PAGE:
The Court is still occupied by festivities. The Queen has put off her Masque for a few days. This function has caused the greatest chagrin to the French Ambassador, who, on learning that the King intended to invite the Spanish Ambassador, did all he could to prevent him as he considered that in this undecided question of precedence, such an invitation would give a signal advantage to the Catholic Ambassador. The King has done everything to come to some compromise but, as yet, the French Ambassador declines to consent. This accident has been the reason why the Queen abandoned her intention of inviting your Serenity's Ambassador, an intention she had already communicated to me under seal of secrecy, in order to save her from all the annoyances which might fall upon her from other quarters. I gathered from the proposals made by the King to the Ambassador of France that he intended to invite him and the Archiducal Ambassador to some other entertainment. He protested vigorously, declaring that this was a double injury, for he was not only excluded from the greater function, the Queen's Masque, but also from the nobler company, that of your Serenity's Ambassador, whom they intended to invite with the Spanish Ambassador, the more to honour him. I believe that in order to get over this difficulty they will invite no one but the Spanish Ambassador, in order to remove from the French Ambassador's mind the suspicion that your Serenity's Ambassador was invited along with Spain the more to honour Spain. As for the Archiducal Ambassador there is no word of him as yet. I can assure you that I should have been invited had it not been for this accident.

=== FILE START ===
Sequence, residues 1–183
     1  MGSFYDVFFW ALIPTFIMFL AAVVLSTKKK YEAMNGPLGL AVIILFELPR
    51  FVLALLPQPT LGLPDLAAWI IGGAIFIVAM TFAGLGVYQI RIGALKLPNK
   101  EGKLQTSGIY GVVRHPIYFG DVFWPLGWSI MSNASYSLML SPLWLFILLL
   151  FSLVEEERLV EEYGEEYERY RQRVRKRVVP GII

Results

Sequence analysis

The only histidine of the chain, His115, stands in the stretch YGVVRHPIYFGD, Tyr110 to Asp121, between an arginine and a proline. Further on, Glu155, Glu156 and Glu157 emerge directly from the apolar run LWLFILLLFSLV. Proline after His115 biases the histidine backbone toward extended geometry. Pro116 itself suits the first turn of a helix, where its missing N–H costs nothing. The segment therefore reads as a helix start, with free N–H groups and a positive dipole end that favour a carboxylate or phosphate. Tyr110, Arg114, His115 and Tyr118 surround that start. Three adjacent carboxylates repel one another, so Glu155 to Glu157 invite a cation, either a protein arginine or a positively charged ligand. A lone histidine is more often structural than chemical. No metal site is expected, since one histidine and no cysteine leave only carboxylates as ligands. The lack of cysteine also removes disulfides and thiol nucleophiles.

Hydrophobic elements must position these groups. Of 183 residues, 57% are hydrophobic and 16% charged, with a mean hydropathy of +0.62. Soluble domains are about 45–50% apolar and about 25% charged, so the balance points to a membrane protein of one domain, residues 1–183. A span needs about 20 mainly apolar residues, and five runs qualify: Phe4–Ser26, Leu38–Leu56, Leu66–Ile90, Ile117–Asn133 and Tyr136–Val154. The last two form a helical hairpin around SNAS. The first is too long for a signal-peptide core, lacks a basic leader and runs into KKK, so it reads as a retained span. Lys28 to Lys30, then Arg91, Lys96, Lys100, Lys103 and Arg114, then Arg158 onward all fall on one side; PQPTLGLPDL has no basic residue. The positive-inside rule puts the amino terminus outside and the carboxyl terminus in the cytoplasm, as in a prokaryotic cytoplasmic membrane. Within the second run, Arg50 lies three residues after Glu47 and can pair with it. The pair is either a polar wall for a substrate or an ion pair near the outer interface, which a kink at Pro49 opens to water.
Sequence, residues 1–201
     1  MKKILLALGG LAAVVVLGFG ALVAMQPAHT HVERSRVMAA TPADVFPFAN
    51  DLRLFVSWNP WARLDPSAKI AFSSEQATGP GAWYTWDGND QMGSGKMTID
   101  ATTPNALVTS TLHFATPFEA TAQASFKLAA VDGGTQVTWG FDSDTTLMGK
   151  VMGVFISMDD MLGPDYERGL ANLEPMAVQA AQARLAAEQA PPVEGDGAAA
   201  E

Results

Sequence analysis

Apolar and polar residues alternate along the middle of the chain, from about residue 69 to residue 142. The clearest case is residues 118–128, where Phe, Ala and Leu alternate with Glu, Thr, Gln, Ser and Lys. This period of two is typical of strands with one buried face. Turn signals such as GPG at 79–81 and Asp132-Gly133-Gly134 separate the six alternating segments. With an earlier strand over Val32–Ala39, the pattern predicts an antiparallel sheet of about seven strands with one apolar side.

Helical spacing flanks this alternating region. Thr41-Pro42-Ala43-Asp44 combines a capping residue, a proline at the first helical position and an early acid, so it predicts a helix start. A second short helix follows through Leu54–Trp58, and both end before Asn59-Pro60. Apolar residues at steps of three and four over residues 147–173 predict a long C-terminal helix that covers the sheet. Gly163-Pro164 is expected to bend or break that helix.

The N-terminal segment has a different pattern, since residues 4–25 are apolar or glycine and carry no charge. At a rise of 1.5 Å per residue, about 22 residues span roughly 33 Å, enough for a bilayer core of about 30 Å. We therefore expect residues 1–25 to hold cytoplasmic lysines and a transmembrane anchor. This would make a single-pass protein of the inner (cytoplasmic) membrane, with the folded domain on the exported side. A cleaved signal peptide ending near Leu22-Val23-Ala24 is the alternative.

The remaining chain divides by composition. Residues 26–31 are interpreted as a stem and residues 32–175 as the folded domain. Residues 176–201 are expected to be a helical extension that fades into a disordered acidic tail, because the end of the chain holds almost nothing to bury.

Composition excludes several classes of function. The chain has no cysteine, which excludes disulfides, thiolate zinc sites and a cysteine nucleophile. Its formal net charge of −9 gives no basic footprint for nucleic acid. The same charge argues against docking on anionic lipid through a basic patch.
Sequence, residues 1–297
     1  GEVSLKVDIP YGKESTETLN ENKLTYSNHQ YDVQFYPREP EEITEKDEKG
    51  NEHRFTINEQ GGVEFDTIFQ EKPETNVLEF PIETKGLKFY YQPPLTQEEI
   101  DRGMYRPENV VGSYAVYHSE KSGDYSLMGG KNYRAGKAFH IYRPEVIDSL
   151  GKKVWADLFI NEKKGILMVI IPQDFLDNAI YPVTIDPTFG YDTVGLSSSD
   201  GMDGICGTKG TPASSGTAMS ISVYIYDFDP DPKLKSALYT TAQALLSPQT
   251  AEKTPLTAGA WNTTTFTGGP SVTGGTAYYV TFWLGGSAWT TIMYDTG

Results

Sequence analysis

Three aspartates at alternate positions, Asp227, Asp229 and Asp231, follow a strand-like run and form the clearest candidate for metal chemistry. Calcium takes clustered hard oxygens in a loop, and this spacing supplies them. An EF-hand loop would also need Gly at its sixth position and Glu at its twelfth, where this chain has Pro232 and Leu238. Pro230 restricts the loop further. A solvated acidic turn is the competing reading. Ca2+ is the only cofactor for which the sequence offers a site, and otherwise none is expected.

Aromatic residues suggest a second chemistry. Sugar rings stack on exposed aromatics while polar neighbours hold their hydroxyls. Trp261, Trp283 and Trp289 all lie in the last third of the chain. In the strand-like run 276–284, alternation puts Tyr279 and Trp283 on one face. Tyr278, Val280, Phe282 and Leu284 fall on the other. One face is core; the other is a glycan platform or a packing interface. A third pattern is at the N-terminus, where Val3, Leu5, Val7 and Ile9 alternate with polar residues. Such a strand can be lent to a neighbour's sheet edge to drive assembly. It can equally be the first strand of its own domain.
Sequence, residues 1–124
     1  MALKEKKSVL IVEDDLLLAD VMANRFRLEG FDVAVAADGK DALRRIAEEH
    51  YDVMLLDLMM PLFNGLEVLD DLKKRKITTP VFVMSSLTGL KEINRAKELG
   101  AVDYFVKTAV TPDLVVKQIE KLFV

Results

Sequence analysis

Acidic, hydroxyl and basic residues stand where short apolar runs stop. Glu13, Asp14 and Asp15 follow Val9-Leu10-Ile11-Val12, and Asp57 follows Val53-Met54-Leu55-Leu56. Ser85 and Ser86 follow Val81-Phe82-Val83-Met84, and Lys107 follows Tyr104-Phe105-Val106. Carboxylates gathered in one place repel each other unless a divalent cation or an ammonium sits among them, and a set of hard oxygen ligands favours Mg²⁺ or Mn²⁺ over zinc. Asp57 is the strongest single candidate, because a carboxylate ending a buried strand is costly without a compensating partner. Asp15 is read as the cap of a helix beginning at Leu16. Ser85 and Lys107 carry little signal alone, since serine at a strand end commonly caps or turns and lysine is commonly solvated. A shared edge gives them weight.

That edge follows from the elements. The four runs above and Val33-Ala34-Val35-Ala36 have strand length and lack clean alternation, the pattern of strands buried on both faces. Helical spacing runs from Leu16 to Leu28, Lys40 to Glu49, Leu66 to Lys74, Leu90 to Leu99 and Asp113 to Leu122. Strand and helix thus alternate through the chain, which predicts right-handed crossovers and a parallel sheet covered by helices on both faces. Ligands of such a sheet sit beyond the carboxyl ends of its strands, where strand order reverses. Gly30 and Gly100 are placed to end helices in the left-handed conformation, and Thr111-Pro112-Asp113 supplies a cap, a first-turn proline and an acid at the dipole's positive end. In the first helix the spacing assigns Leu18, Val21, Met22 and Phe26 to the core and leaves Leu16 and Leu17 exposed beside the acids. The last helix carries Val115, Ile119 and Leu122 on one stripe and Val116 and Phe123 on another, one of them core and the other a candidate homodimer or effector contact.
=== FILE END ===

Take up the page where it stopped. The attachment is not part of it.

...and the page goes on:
London, 17th January, 1607. [m.v.]
[Italian.]
Jan. 18. Collegio, Secreta. Esposizioni Principi. Venetian Archives.150. I, Marc' Antonio Corraro, visited the English Ambassador on Wednesday. He was full of expressions of regard for the Republic and declared that he never received a despatch but what his Majesty expressed his desire to draw closer the alliance. The Ambassador then went on to say that he wished to propose that the King should send three or four of his ships to serve the Republic against the pirates. This would prove to the world how united these two powers were, and that if they were not conterminous on land they were at sea. He begged me to convey this much to your Serenity.
I abstained from making any answer about the ships, but I said that the whole world understood, during the late troubles, how great was the affection of the King towards the Republic; and added that your Serenity would soon suppress the pride of the pirates.
The Ambassador replied, “the pirates won't let themselves be caught by the great galleon; they will fly. It does not pay them to fight, they like to plunder in safety. The pirate at Tunis has only one other ship with him, the one he sailed in first before he fitted up the “Soderina” as a man of war. He is very clever at keeping together a crew of all nations, and is a very cool hand. I have seen the great galleon; she is certainly a splendid ship.”